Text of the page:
One of the best things about travelling is the opportunity to meet new friends. If you go to Japan, you will find some of the friendliest and nicest people in the world. Even if you know zero Japanese, they will try to communicate with you using any English that they know, going the extra mile to help you with directions to wherever you want to go or translating Japanese signs and restaurant menus.
In order to successfully make friends in Japan, it is important to be familiar with the Japanese social norms and etiquette. There have been many cases in which foreigners in Japan do certain things that are accepted in their home countries that are actually considered offensive or rude by the Japanese.
So, to avoid putting yourself in embarrassing or awkward situations, educate yourself about Japanese etiquette before flying to Japan. Below are examples of common good manners and behaviors in Japan:
How to greet people
There are many basic Japanese words and phrases that you can memorize to greet new Japanese acquaintances. Before your trip, or while on the long plane ride over, you can spend a bit of time learning these simple greetings that can come in handy in various situations in Japan.
Usually, when meeting someone new, saying the following things should help you break the ice:
- Hello – “Konnichi wa”
- Good morning – “Ohayou gozaimasu”
- Good afternoon – “Konnichi wa”
- Good evening – “Konbanwa”
- Good night – “Oyasumi nasai”
If you want to introduce yourself and get to know some information about them, you say the following:
- My name is <your name>. – “Watashi wa <your name>.”
- I am <your name>. – “<Your name> desu.”
- What is your name? – “Onamae wa nandesuka?”
- It is a pleasure to meet you. – “Yoroshiku onegaishimasu.”
- Nice to meet you. – “Hajimemashite.”
- I am from <your home country or city>. – “<Your home country or city> desu.”
- Where are you from? – “Shusshin wa doko desuka?”
- Can you speak English? – “Eigo o hanasemasu ka?”
To say goodbye, you can use:
- Thank you for your time. – “O isogashii tokoro arigatou gozaimashita.”
- Jaa mata. – “See you later.”
If you have been invited to eat or drink, you should know the following phrases:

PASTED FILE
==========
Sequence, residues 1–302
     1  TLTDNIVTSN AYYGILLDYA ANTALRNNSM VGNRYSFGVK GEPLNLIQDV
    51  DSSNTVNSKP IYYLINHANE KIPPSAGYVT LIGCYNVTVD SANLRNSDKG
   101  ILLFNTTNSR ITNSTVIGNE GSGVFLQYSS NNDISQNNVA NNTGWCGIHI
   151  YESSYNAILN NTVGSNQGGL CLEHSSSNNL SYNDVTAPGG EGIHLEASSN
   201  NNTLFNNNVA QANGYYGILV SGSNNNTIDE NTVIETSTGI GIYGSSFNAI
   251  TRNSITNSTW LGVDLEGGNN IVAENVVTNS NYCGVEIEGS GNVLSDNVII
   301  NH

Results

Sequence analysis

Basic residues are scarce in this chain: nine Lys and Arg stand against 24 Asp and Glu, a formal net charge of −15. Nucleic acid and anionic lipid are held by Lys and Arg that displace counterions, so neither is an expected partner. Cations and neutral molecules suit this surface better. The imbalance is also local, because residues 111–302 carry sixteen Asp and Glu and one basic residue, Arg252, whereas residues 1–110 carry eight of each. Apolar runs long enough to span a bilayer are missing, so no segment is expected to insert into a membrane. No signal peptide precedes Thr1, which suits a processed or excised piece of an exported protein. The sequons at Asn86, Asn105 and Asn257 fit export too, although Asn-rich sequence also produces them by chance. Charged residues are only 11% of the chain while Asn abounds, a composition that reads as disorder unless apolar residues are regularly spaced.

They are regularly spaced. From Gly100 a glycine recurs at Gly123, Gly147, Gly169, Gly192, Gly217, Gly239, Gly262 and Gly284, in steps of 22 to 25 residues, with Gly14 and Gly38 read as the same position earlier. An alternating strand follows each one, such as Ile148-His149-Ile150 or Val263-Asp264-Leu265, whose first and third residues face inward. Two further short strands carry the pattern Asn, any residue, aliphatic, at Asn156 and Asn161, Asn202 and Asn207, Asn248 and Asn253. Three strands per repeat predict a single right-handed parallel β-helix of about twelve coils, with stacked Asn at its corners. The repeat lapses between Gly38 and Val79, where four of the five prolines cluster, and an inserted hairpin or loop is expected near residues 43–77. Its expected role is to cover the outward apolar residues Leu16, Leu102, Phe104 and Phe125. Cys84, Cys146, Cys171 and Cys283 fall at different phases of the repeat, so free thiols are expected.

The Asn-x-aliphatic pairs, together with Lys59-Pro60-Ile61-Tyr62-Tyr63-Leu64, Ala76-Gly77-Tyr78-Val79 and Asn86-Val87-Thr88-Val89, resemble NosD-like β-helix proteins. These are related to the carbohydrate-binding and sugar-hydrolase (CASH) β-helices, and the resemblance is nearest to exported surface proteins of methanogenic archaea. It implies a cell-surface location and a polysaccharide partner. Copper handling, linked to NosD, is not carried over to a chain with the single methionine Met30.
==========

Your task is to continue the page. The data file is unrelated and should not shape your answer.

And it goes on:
- “Itadakimasu” – This is said before starting any meal, similar to the French’s “bon appétit.”
- “Oishii” – This means “the food tastes delicious.”
- “Kampai” – This is said before drinking, while holding the glass up, similar to how the expression “cheers” work.
On a day-to-day basis, at train stations, convenience stores, sightseeing spots, and other places, you will find a lot of use for the following Japanese words and phrases, so make sure to remember them too:
- Thank you. – “Arigatou gozaimasu.”
- Excuse me. – “Sumimasen.”
- Yes – “Hai”
- No – “Iie”
- I do not understand Japanese. – “Nihongo ga wakarimasen.”
- I am sorry. – “Gomen nasai.”
How to bow
In your culture, you probably just smile, wave, or shake the hand of the person that you meet. In Japan, it is common for people to bow when they greet each other. It is a way to show respect, whether to elders, superiors, colleagues, new acquaintances, or even strangers.
There are many different situations where a bow is necessary. Below are examples:
- When being introduced to people
- When thanking a staff at a department store, train station, convenience stores, hotel, etc.
- When at temples, shrines, and other religious sites
- When participating in sports, martial arts, etc.
- When thanking a random Japanese person who gave you directions
- When apologizing after accidentally bumping into someone, stepping on their foot, or others
- When issuing a formal apology
Each situation requires different levels of bowing. For casual interactions, such as meeting new people, acknowledging store or restaurant employees, and so on, it is acceptable to give a 10-degree to 15-degree bow to show your respect and appreciation. But, for more formal or serious situations, such as if you made a mistake that put your company in trouble, or if you are a CEO and your company released defective products that negatively impacted a lot of people, doing a 45-degree to 90-degree bow is much more appropriate.
Foreigners in Japan are not expected to know all the rules about bowing, so you do not have to get so anxious about keeping your back straight or having your arms at your sides every time you bow. You should also not be too conscious about how long you bow, with a mental clock keeping track of how many seconds you are bent at the waist. A small and quick one- or two-second bow is perfectly okay.
These days, it is extremely helpful to download Japanese translation and dictionary apps to enhance your sightseeing and adventures in Japan. Even if you can only memorize five Japanese words before you fly to Japan, having these apps downloaded to your phone and ready to be used is a major lifesaver. Also, since a lot of them are available for free, there is no need to increase your travel budget or reduce your planned itinerary.
Below are eight highly recommended apps to download for your Japan trip to help you make friends with the locals:
- Google Translate – You can download the app here for free: iOS, Android
- Akebi – You can download the app here for free: Android
- Imiwa? – You can download the app here for free: iOS
- Japanese Translator Offline – You can download the app here for free: iOS
- Learn Japanese – You can download the app here for free: iOS
- Obenkyo – You can download the app here for free: Android
- Yomiwa – You can download the app here for free: iOS, Android
- Waygo Translator and Dictionary – You can download the app here for free: iOS, Android